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Richard Serra: The Poet of Iron

Portrait of Richard Serra
Richard Serra in 2005. Photograph by Oliver Mark © Oliver Mark / CC BY-SA 4.0

By Shira Wolfe

“I consider space to be a material. The articulation of space has come to take precedence over other concerns. I attempt to use sculptural form to make space distinct.”

Richard Serra

The iconic American sculptor Richard Serra (1938-2024), known for his monumental steel sculptural work that earned him the nickname of “the poet of iron” among fellow artists, passed away earlier this spring on March 26, 2024, at the age of 85. We feature his consistently awe-inspiring sculptures, a lifetime of work that invites one to reconsider and reimagine one’s relationship to space. 

“It took me years to figure out, but finally I got to the point where I started constructing with the void first, and the material just became the container for the void.

Richard Serra

Richard Serra: Becoming a Sculptor

Born in San Francisco in 1938, Richard Serra grew up observing the shipyards where his father worked. This was to have a profound influence on his development as an artist. Recalling a memory from the shipyards when he was four years old, Serra described how he saw a ship transforming from this vast, heavy thing to a floating structure. “All the raw material that I needed is contained in the reserve of this memory,” he explained.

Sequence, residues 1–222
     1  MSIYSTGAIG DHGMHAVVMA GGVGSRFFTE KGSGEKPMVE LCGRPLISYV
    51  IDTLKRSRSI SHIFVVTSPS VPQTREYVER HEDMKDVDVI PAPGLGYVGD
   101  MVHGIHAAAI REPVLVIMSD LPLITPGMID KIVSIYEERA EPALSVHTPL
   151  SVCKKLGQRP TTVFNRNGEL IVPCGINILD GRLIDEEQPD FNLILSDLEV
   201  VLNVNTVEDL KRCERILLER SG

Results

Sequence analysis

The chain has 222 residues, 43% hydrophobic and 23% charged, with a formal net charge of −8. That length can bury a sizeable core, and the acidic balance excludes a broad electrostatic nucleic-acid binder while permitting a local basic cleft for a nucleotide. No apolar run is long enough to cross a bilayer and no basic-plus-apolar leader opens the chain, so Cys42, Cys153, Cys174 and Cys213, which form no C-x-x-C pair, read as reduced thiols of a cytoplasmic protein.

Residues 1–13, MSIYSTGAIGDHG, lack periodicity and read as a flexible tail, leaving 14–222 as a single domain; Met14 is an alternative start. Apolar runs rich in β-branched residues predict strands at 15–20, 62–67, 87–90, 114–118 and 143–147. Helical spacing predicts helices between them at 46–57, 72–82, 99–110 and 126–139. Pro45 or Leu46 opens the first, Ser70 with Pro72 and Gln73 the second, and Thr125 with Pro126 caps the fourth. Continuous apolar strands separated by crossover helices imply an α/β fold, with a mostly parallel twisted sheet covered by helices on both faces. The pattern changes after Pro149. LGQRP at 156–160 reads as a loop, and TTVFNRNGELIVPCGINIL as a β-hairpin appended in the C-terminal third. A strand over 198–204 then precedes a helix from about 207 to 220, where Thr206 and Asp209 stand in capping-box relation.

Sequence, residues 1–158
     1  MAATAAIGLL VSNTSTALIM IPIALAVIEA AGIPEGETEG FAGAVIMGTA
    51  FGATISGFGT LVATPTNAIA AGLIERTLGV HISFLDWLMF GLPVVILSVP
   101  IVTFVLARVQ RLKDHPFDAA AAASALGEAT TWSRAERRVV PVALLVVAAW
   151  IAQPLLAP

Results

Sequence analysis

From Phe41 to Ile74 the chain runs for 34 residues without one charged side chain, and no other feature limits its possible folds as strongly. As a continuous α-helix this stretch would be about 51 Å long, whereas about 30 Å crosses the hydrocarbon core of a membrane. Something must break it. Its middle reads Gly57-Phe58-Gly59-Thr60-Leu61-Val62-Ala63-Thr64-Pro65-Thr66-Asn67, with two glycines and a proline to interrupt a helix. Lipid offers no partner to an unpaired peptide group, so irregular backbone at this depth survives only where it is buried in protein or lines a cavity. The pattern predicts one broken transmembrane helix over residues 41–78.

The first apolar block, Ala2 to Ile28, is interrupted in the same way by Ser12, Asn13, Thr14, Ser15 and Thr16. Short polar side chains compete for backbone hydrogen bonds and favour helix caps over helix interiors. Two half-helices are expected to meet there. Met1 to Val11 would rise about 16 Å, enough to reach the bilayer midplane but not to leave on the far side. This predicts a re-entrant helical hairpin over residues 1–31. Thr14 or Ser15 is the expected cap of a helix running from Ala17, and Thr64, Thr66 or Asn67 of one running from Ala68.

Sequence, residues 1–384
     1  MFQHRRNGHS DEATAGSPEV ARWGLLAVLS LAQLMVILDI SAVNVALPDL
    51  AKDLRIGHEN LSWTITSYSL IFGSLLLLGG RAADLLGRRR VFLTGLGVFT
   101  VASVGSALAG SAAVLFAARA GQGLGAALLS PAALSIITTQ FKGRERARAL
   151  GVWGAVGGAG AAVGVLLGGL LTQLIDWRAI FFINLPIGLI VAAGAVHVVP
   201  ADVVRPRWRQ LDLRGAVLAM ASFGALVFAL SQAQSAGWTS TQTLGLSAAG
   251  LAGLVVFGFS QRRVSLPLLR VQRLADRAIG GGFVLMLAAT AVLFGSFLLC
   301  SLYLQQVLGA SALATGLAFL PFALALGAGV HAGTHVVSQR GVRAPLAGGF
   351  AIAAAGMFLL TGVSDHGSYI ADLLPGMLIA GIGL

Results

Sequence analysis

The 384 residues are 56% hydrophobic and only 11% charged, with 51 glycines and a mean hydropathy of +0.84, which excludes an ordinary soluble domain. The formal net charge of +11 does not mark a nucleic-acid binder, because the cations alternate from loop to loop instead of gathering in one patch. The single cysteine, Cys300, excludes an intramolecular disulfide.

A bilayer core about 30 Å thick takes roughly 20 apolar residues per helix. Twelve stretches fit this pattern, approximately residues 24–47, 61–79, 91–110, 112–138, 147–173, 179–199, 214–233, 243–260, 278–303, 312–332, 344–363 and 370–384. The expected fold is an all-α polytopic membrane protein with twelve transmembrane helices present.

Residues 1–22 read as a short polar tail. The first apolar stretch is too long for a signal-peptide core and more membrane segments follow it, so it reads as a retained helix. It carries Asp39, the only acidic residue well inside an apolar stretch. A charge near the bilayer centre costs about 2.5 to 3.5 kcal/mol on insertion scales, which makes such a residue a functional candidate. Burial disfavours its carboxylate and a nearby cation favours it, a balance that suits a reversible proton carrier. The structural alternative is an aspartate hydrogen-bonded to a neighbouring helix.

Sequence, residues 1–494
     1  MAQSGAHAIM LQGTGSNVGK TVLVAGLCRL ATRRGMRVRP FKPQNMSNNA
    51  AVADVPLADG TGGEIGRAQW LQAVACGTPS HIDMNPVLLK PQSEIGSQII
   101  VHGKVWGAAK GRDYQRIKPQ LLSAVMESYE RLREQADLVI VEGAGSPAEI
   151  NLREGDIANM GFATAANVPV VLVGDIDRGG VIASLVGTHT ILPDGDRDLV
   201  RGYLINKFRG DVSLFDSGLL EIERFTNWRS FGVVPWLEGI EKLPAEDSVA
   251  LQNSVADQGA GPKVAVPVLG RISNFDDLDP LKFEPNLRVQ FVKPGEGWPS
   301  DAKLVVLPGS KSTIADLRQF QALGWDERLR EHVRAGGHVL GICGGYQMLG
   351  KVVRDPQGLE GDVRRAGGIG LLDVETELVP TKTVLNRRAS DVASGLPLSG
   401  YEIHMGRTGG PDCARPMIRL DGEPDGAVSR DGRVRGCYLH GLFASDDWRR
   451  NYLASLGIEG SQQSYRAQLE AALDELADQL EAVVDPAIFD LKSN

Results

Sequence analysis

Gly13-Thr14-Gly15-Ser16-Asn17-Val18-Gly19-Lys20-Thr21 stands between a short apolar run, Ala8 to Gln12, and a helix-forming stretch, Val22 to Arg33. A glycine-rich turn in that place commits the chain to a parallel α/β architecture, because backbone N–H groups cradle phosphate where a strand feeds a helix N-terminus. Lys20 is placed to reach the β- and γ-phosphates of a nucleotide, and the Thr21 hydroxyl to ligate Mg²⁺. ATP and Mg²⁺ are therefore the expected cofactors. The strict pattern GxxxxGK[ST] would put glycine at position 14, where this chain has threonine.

During his studies in English Literature at UC Berkeley, and later UC Santa Barbara, Serra worked in steel mills to support himself through college. Again, this close encounter with the industrial application of steel and large-scale building work would contribute to his artistic practice. Serra continued on to study painting at Yale University, where he received a BFA and MFA, worked with Josef Albers, and met other established artists such as Philip Guston, Robert Rauschenberg, Ad Reinhardt, and Frank Stella. Following his graduation from Yale, a travel fellowship took him to Paris for a year. The most significant encounters in Paris for Serra were with Philip Glass, who would become a collaborator and life-long friend, and Constantin Brancusi, whose studio he visited nearly every day. Other than Brancusi, Giacometti, also living in Paris at the time, was the most influential figure for Serra, inspiring him to see the many possibilities of dealing with space in new ways. 

Serra began creating his first sculptures using non-traditional materials (like fiberglass and rubber) in 1966, and from 1968 to 1970, he created his series of Splash pieces — molten lead splashed into the separations between floors and walls. His Prop pieces, starting in 1969, were experiments in gravity: the parts were not welded together or attached, but only balanced using weight and gravity. 

Introducing “Process” and Negative Space

In the 1960s, Serra started to introduce “process” into his sculptural work, making the production process more explicit for audiences. Wishing to examine space in relation to time and movement, he removed sculpture from the pedestal and brought it closer to people, to ask the question: What can form do in relation to space and movement?